“Football” Review

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Original Airdate: November 6, 2015

Written & Storyboarded by: Emily Partridge & Luke Pearson

I never thought that BMO would have as big of a psychotic breakdown than the one he had in BMO Noire, but Football gives that episode a run for its money. In a way, both episodes are quite similar; BMO Noire and Football feature BMO suffering from somewhat of an identity crisis, that is masked behind what seems to be nothing more than a silly game. The episodes also operate primarily in BMO’s perspective, leaving a lot up for interpretation regarding how much of what we’re seeing is actually real and how much is a product of BMO’s imagination. While these episodes share the same gist, Football manages to stand alone as its own thing by telling an equally unique and intense story.

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I always figured that Football would eventually end up starring in an episode of her own; I thought the exchanges between BMO and his imaginary friend in the first two Graybles episodes were relatively cute, but I always saw this concept as something that could be fleshed out into a scenario where BMO’s imagination once again goes haywire. And that’s exactly what happens here. The little interactions with BMO and Football at the beginning were funny and cute. Adventure Time has really mastered making BMO behave exactly like a child at this point in the series. Granted, it’s a fair stretch from the type of character that BMO started out as, but the commitment that went into this archetype the past three or four seasons has really made such a development seem convincing otherwise. When I think of BMO’s character as a whole, I think of childlike whimsy, and not the snarky accomplice we spent time with in an episode like Guardians of Sunshine. I enjoy both interpretations of BMO’s character, but I’ve grown to be more accustomed to the toddler-esque portrayal that has formed his character most recently, and appreciate the dedication that has reflected on it.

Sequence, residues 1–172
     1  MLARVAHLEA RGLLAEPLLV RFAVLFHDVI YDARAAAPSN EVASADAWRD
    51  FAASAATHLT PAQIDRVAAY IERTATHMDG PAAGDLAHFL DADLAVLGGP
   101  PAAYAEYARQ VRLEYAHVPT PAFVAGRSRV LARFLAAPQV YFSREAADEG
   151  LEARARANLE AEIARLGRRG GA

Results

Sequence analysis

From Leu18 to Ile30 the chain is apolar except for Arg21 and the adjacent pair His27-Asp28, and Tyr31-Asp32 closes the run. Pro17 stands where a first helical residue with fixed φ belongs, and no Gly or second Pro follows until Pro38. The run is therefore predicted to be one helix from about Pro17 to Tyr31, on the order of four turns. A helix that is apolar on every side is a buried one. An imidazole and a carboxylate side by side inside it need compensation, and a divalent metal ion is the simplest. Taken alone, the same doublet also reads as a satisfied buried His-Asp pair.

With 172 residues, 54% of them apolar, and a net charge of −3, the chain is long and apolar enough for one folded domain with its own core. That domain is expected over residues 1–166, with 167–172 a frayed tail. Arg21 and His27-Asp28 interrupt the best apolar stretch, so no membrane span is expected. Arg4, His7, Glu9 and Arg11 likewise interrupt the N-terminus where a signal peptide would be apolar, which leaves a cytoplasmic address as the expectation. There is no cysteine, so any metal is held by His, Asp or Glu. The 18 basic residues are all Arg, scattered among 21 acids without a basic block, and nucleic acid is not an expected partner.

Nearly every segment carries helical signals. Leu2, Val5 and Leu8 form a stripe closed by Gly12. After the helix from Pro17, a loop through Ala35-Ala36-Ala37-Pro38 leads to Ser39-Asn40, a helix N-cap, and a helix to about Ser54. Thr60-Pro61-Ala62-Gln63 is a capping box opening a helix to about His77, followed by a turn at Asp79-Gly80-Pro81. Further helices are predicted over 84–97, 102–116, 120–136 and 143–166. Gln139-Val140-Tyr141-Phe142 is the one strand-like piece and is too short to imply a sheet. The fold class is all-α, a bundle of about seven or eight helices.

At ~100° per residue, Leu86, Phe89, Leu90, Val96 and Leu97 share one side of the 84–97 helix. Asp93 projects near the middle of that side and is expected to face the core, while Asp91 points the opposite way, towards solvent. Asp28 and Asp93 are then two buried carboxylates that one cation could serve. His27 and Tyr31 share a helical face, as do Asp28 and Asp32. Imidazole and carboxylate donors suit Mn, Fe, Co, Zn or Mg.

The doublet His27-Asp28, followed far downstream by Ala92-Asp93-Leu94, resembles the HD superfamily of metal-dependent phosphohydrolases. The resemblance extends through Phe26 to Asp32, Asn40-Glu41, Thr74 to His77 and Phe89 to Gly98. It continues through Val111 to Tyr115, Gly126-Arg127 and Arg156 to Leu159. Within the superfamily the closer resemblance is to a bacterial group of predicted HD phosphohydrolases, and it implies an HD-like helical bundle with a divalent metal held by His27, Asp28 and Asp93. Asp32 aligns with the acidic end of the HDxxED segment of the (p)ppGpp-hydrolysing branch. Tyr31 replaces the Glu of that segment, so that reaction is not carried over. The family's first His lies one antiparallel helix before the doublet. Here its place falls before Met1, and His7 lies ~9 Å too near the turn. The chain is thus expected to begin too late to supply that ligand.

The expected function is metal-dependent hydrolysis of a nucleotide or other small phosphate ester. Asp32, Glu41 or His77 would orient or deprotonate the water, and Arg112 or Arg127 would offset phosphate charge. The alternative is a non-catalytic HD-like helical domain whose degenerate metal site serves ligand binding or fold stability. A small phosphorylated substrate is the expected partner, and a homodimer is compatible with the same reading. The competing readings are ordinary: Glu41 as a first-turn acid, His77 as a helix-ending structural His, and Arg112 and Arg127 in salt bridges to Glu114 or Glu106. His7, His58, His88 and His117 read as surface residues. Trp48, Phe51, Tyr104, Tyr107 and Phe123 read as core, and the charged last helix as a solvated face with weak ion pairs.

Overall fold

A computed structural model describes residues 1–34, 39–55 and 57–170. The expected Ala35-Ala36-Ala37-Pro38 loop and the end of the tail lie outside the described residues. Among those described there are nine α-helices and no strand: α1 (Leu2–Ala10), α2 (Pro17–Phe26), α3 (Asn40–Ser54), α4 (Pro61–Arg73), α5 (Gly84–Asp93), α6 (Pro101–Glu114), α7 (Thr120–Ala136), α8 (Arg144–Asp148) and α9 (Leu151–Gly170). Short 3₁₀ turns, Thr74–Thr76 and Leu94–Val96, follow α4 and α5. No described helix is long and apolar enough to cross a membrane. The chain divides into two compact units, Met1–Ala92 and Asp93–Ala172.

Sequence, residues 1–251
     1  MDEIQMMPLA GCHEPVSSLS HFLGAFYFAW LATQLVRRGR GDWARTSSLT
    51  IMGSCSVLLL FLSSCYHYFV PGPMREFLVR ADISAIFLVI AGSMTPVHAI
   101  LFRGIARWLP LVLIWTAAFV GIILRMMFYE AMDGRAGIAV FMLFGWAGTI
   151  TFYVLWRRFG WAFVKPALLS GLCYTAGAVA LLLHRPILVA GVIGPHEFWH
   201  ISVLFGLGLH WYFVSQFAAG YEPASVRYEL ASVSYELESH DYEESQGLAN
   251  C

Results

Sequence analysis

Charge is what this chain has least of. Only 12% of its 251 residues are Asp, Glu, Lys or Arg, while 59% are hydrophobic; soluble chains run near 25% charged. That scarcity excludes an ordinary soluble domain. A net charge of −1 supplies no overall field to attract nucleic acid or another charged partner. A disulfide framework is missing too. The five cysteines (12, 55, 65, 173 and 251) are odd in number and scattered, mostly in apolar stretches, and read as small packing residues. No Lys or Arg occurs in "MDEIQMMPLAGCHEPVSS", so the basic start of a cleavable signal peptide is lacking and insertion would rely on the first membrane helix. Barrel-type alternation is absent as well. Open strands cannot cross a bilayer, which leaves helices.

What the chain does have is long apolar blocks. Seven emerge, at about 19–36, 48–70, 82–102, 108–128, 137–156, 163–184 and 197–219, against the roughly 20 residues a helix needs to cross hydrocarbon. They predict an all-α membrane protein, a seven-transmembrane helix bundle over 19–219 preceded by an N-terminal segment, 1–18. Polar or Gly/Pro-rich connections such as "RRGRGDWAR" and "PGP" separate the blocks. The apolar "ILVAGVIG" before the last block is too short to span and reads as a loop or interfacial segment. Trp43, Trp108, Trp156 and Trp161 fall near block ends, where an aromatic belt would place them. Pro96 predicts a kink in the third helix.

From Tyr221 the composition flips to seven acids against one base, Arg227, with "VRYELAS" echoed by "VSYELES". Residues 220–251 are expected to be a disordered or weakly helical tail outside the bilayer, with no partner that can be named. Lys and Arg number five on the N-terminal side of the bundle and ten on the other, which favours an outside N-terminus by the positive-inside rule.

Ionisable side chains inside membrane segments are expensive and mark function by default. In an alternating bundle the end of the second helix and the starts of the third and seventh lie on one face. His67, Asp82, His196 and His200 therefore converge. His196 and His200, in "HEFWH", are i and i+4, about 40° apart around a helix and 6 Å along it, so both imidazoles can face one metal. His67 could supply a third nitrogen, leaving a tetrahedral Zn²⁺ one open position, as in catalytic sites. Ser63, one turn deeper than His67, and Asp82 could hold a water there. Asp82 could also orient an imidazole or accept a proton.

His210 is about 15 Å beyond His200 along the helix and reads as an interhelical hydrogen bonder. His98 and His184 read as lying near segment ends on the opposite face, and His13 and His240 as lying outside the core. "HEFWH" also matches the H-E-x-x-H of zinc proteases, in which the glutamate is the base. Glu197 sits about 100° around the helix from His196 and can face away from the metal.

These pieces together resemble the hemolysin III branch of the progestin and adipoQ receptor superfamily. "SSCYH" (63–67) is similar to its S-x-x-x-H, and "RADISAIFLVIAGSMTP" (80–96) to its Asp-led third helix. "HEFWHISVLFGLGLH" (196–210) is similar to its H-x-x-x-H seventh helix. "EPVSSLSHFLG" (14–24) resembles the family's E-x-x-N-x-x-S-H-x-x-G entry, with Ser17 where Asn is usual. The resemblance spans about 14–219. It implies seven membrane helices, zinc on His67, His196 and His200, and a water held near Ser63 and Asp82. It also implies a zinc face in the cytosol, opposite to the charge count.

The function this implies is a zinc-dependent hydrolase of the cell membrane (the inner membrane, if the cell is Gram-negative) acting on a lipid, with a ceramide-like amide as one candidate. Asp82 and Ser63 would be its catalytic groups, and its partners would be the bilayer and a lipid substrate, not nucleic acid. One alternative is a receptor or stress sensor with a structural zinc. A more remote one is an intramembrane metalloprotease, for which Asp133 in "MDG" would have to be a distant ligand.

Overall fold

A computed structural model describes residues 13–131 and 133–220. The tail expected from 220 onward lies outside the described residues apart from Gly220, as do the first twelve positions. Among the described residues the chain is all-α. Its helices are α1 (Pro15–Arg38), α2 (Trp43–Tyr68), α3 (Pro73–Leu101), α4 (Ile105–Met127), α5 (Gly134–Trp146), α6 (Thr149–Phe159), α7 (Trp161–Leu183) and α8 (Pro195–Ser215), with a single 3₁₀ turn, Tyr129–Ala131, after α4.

As I mentioned, both BMO Noire and Football focus on a game that has essentially gone too far. Though here, I think BMO’s feelings and attitudes are even more vague and difficult to understand. I don’t know exactly why he would want this, or even if he can control it. The episode does a great job with raising curiosity in terms of just how much of BMO’s “game” is supposed to play out, and how much of it is without BMO’s intention. In addition to that, Football really makes you question whether it is entirely within BMO’s imagination or has some kind of basis in reality. I mean, obviously I think it’s all just a mind game from the bot’s perspective, but in the Adventure Time world, and especially with BMO, you really never know. Football really could be some version of BMO from a parallel dimension, and while that’s highly unlikely, the episode still plays with those conflicting view points for an factor of entertainment.

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The visuals are really clever in never showing both BMO and Football talking at the same time. Every sentence is framed in a certain sense of ambiguity. I especially like when “Football” is staring at BMO’s reflection through the mirror, as BMO continuously makes various animated movements, all while Football remains still because the shot only shows the top left half of his body. That was a really smart move; the episode could’ve so easily just gone with the lazy and sloppy route and just had BMO sit still while talking to his reflection, but Adventure Time is much more innovative than that. Emily Partridge and Luke Pearson did a great job on this one from a boarding perspective. Even after being away from the storyboarding phase for quite a bit of time (Pearson left after Frost & Fire and Partridge debuted with The Prince Who Wanted Everything) the two still manage to have a deep understanding of the AT characters and how to properly work with the show’s environment. Similar to Mukai’s work on the past few episodes, it’s nice once again to get treated to the style of guest artists, and both Pearson and Partridge dish out some wacky and unique expressions for each character.